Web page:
The Impact of Stress on Primary HSV Infection

The ability to limit the amount of HSV replication during a primary infection may, in turn, reduce the amount of latent virus that colonizes the local sensory ganglia (Bonneau and Jennings, 1989). Therefore, by destroying HSV-infected cells before progeny virions can be produced may actually limit the extent of neuronal involvement and reduce the amount of latent virus within these ganglia. Therefore, the impact of a stressor on the immune response during the primary HSV infection may have consequences on not only one's initial encounter with HSV but also on the development of recurrent HSV infections throughout the lifetime of the host.

Studies in humans have indicated that stress can affect the frequency, severity, and duration of HSV infection. A number of murine studies during the past 15 years have substantiated these findings by providing compelling experimental evidence that stress and stress-induced, neuroendocrine-derived products increase the development and severity of HSV infection in both the periphery (Bonneau et al., 1991a; Kusnecov et al., 1992; Bonneau et al., 1997; Brenner and Moynihan, 1997; Wonnacott and Bonneau, 2002) and the central nervous system (Anglen et al., 2003). For example, mouse models in which either a restraint (Bonneau et al., 1991a; Wonnacott and Bonneau, 2002; Ortiz et al., 2003) or footshock (Kusnecov et al., 1992) model of stress were used were shown to result in increased HSV titers at a site of local, HSV infection. Stress was also shown to suppress the ability of adoptively transferred lymphocytes with HSV-specific lytic activity to confer protection against lethal HSV infection in an immunocompromised host as well as inhibiting the restoration of immune responsiveness to HSV infection after sublethal gamma irradiation (Bonneau et al., 1997). These latter findings are important because adoptive immunotherapy represents a potentially effective approach by which to control the extent of viral infections in an immunocompromised host. Other studies using the glucocorticoid antagonist androstenediol (AED) have shown that AED can significantly improve the survival of mice with HSV-1-induced encephalitis. Moreover, it was shown that this increased level of protection was mediated by an augmentation in type I interferon production (Daigle and Carr, 1998). As noted above, recent studies from our laboratory have focused on the impact of maternal stress on the transfer of antibody from mother to fetus/neonate. In these studies, we have demonstrated that increased levels of postpartum maternal corticosterone increases neonatal susceptibility to HSV-2-associated infection by reducing the amount of HSV-specific antibody transferred via the transmammary route (Yorty et al., 2004b).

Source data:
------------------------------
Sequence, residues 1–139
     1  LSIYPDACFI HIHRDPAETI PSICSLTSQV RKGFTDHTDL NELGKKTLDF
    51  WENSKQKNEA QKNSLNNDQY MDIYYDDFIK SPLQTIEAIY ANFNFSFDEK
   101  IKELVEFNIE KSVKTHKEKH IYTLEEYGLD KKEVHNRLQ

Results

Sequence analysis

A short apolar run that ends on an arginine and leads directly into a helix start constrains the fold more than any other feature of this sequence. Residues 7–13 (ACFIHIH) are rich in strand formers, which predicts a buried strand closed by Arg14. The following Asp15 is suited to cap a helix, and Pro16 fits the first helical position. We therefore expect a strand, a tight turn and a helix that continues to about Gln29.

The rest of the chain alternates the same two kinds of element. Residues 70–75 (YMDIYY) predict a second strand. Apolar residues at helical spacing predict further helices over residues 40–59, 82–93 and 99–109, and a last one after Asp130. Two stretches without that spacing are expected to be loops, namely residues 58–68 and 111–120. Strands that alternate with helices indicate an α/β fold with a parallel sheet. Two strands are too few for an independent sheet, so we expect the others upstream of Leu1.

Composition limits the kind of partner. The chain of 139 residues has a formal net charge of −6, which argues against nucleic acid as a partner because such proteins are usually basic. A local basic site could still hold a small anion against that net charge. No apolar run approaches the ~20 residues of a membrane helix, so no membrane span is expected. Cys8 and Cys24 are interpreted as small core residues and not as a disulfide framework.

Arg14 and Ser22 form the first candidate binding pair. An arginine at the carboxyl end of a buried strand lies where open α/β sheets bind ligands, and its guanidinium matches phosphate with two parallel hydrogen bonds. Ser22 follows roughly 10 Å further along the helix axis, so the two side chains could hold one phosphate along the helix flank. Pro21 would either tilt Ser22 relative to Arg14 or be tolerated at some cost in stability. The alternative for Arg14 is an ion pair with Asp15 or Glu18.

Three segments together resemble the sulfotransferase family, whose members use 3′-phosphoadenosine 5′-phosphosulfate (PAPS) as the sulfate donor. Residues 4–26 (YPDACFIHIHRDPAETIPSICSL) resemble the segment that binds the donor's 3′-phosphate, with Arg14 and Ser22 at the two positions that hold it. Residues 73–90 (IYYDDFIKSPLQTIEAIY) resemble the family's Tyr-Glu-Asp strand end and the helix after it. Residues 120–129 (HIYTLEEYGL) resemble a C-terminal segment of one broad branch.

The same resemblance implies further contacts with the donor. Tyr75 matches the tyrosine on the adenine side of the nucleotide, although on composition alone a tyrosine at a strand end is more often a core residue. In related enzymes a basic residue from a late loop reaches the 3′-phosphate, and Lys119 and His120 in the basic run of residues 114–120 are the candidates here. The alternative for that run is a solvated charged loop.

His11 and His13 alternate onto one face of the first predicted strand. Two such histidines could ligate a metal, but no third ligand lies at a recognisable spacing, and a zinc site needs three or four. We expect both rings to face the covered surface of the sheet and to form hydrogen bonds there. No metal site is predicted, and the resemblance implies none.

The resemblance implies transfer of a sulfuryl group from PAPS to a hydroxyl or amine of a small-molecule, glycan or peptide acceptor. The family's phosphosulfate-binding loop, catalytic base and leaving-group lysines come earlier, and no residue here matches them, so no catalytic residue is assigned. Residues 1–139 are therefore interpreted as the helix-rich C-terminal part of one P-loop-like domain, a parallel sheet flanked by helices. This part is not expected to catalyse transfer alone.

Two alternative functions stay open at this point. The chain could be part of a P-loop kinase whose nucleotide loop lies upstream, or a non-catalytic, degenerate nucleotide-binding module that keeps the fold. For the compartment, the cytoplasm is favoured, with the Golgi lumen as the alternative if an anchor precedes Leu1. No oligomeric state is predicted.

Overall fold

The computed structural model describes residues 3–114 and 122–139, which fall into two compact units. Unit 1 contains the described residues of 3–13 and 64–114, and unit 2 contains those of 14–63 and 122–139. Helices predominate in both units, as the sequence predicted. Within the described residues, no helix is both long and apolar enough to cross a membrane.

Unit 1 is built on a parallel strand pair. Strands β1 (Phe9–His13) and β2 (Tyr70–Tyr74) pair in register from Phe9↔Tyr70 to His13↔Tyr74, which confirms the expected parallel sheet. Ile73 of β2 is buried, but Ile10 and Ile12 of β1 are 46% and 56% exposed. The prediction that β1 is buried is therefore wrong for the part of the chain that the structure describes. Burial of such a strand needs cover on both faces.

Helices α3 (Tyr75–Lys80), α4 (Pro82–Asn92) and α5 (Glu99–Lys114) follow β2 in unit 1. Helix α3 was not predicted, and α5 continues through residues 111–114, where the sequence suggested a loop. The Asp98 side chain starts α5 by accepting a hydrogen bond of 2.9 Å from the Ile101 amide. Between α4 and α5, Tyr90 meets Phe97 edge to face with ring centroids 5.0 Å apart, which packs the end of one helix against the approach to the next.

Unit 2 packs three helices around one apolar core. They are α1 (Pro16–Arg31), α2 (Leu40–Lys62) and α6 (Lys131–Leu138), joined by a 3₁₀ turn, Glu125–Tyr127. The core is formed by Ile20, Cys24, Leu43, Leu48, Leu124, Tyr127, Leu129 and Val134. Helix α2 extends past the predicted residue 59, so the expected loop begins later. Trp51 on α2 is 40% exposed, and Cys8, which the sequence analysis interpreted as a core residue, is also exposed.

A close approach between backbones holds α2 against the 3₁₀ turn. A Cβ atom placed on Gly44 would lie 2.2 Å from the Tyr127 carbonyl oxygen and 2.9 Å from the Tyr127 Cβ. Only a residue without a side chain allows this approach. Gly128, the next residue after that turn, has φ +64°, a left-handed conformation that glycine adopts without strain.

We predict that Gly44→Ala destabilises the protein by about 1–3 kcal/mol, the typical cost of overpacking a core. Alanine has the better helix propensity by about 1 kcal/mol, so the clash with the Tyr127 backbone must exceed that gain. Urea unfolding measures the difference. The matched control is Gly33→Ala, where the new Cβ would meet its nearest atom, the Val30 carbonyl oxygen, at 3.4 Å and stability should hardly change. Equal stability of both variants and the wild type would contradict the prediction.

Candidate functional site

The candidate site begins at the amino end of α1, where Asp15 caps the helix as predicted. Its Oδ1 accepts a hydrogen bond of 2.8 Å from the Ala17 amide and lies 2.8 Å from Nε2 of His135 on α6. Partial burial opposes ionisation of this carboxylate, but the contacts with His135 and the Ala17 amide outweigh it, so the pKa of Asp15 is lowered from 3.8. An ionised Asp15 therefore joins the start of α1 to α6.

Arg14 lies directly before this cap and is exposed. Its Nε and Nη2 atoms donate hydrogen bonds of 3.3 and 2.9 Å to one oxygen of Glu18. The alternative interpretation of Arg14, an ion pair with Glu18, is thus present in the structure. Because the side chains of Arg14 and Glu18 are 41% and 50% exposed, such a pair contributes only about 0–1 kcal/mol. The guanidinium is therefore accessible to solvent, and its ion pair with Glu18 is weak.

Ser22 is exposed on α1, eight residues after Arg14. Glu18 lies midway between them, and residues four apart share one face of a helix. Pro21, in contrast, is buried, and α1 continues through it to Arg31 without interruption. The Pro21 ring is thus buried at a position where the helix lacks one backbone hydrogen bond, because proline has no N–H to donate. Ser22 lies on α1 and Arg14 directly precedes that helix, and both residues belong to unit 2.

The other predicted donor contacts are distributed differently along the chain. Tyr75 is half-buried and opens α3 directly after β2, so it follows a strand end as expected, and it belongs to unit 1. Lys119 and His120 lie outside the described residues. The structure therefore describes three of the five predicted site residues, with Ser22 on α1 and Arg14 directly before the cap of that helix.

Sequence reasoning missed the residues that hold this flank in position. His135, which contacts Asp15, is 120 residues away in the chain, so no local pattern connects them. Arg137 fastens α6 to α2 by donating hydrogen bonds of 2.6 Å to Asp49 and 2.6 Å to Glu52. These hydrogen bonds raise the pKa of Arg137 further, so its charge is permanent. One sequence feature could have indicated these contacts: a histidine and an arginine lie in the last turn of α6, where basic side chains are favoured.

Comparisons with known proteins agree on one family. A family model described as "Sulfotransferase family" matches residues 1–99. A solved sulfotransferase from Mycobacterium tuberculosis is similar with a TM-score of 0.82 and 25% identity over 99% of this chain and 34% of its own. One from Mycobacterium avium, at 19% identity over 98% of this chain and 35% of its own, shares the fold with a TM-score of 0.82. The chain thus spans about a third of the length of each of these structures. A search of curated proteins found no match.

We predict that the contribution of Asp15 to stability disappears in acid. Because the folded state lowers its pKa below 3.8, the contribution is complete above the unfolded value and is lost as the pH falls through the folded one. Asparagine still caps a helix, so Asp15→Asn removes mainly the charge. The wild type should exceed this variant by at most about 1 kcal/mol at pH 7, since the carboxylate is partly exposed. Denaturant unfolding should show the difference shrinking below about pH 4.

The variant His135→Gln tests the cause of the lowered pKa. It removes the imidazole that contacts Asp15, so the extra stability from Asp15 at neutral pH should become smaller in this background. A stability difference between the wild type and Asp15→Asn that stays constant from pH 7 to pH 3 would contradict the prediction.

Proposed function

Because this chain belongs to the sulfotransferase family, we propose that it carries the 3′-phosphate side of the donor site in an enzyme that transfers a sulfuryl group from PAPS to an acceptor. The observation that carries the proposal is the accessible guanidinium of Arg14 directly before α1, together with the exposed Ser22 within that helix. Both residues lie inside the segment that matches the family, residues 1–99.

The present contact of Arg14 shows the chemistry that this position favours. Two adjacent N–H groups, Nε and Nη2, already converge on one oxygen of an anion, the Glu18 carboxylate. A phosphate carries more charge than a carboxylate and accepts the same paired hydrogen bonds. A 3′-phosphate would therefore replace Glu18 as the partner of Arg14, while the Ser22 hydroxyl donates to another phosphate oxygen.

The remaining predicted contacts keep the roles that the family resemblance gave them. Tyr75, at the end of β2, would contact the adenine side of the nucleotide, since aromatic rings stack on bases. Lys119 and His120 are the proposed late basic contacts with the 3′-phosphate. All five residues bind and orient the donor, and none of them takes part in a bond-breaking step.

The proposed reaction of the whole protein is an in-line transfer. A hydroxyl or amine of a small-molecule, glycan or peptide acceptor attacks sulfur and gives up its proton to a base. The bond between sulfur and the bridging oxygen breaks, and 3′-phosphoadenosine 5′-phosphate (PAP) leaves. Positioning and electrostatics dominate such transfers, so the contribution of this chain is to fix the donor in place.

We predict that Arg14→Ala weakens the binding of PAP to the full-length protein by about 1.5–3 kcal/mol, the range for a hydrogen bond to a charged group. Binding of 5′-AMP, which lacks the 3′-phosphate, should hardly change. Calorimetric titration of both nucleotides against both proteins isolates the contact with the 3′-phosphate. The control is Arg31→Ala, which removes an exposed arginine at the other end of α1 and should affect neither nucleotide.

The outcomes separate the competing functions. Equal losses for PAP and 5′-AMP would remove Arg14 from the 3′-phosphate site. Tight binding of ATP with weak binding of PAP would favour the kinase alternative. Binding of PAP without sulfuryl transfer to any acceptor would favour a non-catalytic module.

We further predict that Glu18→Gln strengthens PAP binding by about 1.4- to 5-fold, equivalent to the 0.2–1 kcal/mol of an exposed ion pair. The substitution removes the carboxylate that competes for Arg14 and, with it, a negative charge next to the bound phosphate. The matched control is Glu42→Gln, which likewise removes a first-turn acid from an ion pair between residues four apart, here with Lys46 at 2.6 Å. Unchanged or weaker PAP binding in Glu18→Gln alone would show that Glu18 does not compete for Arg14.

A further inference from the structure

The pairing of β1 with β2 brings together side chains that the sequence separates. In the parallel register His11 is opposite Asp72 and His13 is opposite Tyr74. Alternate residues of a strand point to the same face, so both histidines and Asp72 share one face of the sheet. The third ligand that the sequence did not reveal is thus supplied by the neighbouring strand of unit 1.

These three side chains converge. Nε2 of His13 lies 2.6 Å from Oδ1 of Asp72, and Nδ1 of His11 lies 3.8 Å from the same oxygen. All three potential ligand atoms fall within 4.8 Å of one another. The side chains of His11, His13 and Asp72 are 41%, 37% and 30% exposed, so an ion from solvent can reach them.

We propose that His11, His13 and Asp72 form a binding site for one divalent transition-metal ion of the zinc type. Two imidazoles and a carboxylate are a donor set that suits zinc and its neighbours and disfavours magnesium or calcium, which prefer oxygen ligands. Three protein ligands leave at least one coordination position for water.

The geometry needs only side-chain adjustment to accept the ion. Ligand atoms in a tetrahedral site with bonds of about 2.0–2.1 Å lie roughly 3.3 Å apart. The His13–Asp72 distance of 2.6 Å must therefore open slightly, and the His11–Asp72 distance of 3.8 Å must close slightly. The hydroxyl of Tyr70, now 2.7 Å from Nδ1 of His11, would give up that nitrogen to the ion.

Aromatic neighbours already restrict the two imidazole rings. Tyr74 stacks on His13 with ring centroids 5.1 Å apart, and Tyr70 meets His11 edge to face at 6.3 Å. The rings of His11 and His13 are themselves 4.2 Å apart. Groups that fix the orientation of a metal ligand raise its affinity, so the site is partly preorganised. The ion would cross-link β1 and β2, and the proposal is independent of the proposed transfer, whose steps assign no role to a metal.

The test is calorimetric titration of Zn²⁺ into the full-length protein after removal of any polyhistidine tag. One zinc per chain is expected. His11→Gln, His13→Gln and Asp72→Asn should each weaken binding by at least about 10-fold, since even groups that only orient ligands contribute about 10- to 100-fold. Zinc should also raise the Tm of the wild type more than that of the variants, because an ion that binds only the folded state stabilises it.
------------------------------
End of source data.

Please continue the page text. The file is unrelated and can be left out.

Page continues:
As was described earlier, these studies have shown that stress suppresses components of the primary CTL responses to HSV infection (Bonneau et al, 1991a; Kusnecov et al., 1992; Bonneau et al, 1993; Dobbs et al, 1993; Bonneau, 1997; Brenner and Moynihan, 1997; Leo et al., 1998; Leo and Bonneau, 2000a,b) and memory (Bonneau et al., 1991b; Bonneau, 1996, 1998; Leo et al., 1998; Leo and Bonneau, 2000a; Wonnacott and Bonneau, 2002). By using a combination of surgical and pharmacological approaches, a role for both the HPA axis (Bonneau et al., 1993,1998) and the sympathetic nervous system (Leo and Bonneau, 2000a,b) has clearly been demonstrated as one of the underlying mechanisms mediating stress-induced modulation of immunity and HSV-associated pathology.

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